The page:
exegesis

(redirected from Bible, Interpretation of)
Also found in: Dictionary, Thesaurus, Legal, Wikipedia.
Related to Bible, Interpretation of: Bible commentary

exegesis

explanation or critical interpretation of a text, esp of the Bible

Exegesis

(religion, spiritualism, and occult)

Exegesis is the science (some would call it an art or method of interpretation) of determining exactly the meaning of a particular passage of writing. This technique is used by all who study any writing, but especially by those who study religious scripture. Scriptures of all religions were written within the context of a particular culture and belief system. No one can write without having a certain frame of reference. Words mean different things to different people. Worldviews change. Even the meanings of words change over the years. Imagine the embarrassment a modern teenager feels when asked to stand up during a youth-group meeting of her peers and read the Kings James version of the Ten Commandments. What will she do when she gets to the part that says we are not to "covet our neighbor's ass"? She would have been on solid ground back in the seventeenth century. But the language is a bit awkward in the twenty-first.

Gabriel Fackre of Andover Newton Seminary has developed a formula that can be used by anyone who wants to do exegesis. This four-part system, outlined in Gabriel and Dorothy Fackre's book Christian Basics, works especially well when dealing with the Bible, but it can also be used by the student of mythology or any other ancient writing:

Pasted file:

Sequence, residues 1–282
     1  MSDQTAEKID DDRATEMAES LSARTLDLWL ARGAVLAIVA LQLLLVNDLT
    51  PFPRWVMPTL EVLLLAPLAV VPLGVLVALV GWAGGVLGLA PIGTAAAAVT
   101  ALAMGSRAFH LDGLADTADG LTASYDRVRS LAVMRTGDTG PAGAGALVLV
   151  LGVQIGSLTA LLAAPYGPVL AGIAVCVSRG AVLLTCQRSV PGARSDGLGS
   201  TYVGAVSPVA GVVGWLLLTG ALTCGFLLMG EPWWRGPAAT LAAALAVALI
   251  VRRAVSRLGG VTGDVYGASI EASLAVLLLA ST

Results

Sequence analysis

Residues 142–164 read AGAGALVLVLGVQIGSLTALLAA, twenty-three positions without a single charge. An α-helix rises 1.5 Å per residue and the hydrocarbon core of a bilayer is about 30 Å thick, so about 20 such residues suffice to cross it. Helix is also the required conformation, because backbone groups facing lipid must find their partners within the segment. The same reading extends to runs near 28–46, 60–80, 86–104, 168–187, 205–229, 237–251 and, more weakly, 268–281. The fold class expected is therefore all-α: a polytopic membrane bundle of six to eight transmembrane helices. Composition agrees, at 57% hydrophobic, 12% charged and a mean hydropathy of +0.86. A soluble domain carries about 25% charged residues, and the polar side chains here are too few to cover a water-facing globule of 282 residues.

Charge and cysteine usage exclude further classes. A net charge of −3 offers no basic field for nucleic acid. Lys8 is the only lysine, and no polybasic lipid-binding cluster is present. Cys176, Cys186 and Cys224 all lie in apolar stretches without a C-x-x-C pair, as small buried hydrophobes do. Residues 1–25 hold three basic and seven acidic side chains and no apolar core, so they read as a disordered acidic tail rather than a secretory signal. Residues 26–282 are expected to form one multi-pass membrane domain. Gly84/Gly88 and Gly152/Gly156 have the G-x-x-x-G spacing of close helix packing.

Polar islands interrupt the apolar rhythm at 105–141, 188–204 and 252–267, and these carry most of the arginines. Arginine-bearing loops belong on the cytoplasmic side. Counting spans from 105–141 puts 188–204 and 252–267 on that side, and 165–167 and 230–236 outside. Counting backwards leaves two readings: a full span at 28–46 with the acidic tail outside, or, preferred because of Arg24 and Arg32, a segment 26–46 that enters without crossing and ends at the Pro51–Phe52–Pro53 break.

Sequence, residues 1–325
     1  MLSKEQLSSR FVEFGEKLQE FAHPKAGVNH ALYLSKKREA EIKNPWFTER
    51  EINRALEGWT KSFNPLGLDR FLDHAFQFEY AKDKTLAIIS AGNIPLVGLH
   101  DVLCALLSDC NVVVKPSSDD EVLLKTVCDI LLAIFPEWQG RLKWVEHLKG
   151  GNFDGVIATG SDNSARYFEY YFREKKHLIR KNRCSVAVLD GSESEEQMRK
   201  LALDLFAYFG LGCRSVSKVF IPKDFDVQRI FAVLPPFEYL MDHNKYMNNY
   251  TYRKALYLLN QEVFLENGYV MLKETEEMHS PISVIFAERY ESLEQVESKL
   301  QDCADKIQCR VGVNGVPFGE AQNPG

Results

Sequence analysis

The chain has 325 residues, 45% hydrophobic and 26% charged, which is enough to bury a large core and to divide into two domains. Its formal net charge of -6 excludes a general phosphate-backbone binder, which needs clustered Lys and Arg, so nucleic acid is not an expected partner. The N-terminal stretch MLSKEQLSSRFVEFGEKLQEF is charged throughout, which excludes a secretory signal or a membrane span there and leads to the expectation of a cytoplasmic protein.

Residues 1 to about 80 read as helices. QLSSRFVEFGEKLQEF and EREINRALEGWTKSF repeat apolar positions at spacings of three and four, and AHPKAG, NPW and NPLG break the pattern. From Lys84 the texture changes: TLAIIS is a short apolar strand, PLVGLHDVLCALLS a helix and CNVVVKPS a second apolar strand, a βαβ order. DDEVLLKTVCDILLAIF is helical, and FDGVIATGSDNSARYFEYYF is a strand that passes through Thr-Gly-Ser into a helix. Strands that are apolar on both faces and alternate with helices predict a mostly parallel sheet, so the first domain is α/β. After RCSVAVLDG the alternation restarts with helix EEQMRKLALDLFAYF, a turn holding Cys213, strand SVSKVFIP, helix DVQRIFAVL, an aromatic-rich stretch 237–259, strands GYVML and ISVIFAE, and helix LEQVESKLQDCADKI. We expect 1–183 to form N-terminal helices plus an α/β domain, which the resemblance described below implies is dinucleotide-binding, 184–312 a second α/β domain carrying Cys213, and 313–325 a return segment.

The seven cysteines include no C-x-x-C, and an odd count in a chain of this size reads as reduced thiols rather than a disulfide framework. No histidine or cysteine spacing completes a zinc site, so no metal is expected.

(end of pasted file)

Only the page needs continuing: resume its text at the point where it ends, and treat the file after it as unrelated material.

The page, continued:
1. Common Sense: Start with its common-sense meaning—reading it just like a newspaper story.

2. Critical Sense: Next check out the ideas of some of the other students who have studied the passage's background, original language, and literary style.

3. Canonical Sense: Compare it to the rest of the author's writing. Is it consistent with the rest of the story?

4. Contextual Sense: What does the passage mean in terms of personal and contemporary culture?

The system will save the student from arriving at conclusions that might be "contemporary" or "politically correct" but totally at odds with what the original author really meant.